Barn swallows 1, column writer 0Living in a river house — 11 feet off the ground on concrete and steel pier and beam — is occasionally adventuresome and, therefore, never dull.
It is akin to living in a tree house, especially with trees on all sides, including one up through the middle of the back deck. The net effect of “treehouse living” is that you get a close look at your neighbors, birds of all kinds, and I do mean the feathered variety.
My Life Mate is particularly attuned to birdlife and has a couple of books, gifts from her late mother who became quite knowledgeable about the avian ways. Sighting unusual and/or uncommon birds prompts a quick reference to the books and identifi cation of the bird or birds in question.
Naturally, there are bird feeders in appropriate places in front of the house and a bag of bird seed in the pantry, as well as a bottle of red hummingbird food in the fridge for the little darters’ feeder hanging off the back deck.
Late last winter, when Central Texas was “gifted” with about four inches of snow on the ground, Life Mate managed batches of photos of about 40 robins making an early spring appearance and frolicking in the snow.
All back windows and the back deck look out onto the river where there is no shortage of interesting species — white egrets, blue herons, occasional wood ducks and mallards and once, just once, a double-crested cormorant. The cormorant appeared in the early spring and the book shows that it must have been a migration pattern.
For spectacular color, however, nothing beats a painted bunting — bright red breast, brilliant blue head, yellow back and green wings. One off your front deck, partaking of your hanging feeder full of seed, is a beautiful sight.
Life Mate has shown me there are black birds that actually have some color to them, in addition to basic black, that is, sort of like a formal tux with a multi-colored bow tie.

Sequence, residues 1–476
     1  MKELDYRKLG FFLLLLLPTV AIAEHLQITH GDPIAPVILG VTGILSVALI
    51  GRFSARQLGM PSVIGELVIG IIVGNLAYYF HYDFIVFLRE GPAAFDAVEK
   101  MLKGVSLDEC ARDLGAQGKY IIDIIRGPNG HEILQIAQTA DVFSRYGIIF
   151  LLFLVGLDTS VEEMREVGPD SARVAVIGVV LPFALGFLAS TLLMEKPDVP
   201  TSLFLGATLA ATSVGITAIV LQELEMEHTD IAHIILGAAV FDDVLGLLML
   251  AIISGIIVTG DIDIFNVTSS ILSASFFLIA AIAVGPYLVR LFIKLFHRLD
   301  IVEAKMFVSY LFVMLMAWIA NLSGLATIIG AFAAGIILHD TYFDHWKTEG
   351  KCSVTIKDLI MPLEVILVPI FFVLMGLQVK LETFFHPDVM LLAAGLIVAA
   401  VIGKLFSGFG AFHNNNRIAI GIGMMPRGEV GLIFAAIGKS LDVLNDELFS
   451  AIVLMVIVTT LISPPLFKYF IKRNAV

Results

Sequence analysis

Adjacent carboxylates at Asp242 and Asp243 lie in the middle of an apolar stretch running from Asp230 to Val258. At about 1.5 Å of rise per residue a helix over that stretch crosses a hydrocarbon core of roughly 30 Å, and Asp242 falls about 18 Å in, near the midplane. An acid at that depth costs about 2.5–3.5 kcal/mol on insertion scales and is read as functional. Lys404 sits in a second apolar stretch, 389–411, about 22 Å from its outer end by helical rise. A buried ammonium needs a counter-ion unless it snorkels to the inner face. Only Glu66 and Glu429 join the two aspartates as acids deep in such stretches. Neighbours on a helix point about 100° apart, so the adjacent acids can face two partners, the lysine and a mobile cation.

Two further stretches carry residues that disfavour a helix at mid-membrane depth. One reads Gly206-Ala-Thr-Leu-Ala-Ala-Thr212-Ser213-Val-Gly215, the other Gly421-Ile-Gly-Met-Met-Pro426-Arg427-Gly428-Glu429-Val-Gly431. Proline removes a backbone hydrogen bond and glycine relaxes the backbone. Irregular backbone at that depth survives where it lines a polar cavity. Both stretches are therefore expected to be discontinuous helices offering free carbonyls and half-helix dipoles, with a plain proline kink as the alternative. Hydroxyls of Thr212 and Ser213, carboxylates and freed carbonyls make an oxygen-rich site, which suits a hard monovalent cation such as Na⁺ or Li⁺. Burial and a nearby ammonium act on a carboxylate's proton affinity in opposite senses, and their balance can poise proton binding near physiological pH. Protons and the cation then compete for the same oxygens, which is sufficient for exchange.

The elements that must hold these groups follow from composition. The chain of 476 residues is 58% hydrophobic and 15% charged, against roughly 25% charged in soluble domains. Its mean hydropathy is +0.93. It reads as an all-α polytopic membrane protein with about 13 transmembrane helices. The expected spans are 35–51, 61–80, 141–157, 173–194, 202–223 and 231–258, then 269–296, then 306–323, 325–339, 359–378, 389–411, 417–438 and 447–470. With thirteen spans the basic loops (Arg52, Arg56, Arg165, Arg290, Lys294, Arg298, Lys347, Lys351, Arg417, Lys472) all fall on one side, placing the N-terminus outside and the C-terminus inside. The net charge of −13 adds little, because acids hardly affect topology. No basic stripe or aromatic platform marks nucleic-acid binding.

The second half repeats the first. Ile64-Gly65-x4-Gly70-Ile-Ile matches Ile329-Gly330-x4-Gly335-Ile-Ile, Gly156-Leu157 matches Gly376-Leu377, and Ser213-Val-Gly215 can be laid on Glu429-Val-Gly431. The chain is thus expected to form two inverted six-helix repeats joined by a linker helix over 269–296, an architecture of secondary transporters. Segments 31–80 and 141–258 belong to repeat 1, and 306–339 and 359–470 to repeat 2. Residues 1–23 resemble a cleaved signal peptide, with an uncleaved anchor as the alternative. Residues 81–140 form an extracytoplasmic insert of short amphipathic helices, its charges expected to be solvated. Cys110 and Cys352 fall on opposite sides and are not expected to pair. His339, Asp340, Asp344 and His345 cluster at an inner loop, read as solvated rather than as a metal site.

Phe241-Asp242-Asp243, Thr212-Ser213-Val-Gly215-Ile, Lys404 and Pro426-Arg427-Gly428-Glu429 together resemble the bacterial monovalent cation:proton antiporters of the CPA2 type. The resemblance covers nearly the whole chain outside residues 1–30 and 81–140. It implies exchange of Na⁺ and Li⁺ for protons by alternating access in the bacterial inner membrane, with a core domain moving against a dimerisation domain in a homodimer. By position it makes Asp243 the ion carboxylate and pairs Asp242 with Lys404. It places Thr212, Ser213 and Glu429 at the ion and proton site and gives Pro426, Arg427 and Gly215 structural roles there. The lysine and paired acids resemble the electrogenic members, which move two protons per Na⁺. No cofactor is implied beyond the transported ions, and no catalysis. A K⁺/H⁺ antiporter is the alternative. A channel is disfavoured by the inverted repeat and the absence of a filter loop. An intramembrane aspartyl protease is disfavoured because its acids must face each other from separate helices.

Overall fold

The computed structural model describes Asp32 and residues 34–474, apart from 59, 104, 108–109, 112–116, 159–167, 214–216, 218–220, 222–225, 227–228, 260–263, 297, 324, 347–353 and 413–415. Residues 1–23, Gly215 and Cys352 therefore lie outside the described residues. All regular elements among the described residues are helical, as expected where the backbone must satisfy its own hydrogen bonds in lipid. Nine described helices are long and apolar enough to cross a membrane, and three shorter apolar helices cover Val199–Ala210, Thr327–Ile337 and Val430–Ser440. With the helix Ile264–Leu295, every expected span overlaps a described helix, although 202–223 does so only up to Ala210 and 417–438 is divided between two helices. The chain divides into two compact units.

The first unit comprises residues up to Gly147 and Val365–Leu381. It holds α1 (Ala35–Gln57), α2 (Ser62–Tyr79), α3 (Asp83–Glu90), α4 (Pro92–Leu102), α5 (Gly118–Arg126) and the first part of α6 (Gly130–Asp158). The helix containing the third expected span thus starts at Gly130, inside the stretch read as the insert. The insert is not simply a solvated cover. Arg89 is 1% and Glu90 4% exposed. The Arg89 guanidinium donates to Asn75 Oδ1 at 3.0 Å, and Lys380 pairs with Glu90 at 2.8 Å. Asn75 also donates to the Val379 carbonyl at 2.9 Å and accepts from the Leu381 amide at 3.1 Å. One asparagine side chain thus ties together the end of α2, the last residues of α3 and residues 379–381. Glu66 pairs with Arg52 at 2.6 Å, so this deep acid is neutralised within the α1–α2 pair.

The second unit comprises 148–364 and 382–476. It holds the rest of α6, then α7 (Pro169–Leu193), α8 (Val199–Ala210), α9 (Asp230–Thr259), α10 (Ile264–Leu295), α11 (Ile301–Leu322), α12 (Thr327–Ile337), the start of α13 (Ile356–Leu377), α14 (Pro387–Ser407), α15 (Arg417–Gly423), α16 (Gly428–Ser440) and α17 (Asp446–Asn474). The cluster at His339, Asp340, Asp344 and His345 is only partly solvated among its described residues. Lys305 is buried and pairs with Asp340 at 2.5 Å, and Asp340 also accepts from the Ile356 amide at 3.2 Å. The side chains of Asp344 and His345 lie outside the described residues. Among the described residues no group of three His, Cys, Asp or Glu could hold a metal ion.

Some birds can be a bit scary, for instance a great horned owl. One sat on the gate to the yard, a mere 40 or so feet from the front door. It was, we assumed, hunting the field mice that frequent the storage shed under the house. Opening the front door and stepping out onto the deck that night sent him flapping away emptytaloned.
Then there are — please excuse me, bird-lovers — the pesky birds. With a river house — standing on the aforementioned piers and beams — the space underneath serves a multitude of purposes. There is the storage shed plus a space covered with pavers that holds a redwood picnic table and two bench swings. And, it’s our garage. That’s where the pesky ones enter the scene.
In a space where my pick-up truck is parked, some barn swallows have for three seasons now built their combination mud and grass nest in a spot above the truck cab. The net result is globs of mud splattered all over the top of the cab plus the driver’s door and window.
This year, I caught them early in the process and knocked down the partial nest.
Back they came and I raked the mud and grass off again. Then I put one of those fake owls up on the hood and kept a watchful eye, running at the reappearing swallows with arms waving and emitting a guttural “oooaaahhh” at the little monsters.
They moved to the front deck and got a nest partially built before I discovered it. I tore it down.
Then, we took a trip. Upon returning, there was a completed nest in the old spot above the truck and the vehicle seemed to have more than the usual mud on it. Plus, the fake owl had some swallow droppings on its head.
I grabbed a rake to knock the nest down, but Life Mate ornithologist said, “Check it for eggs first.” I did and there were eggs. “Leave the nest,” declared the resident avian lover.
Barn swallows 1, columnist 0.
Willis Webb is a retired community editor publisher of more than 50 years. Email him at firstname.lastname@example.org.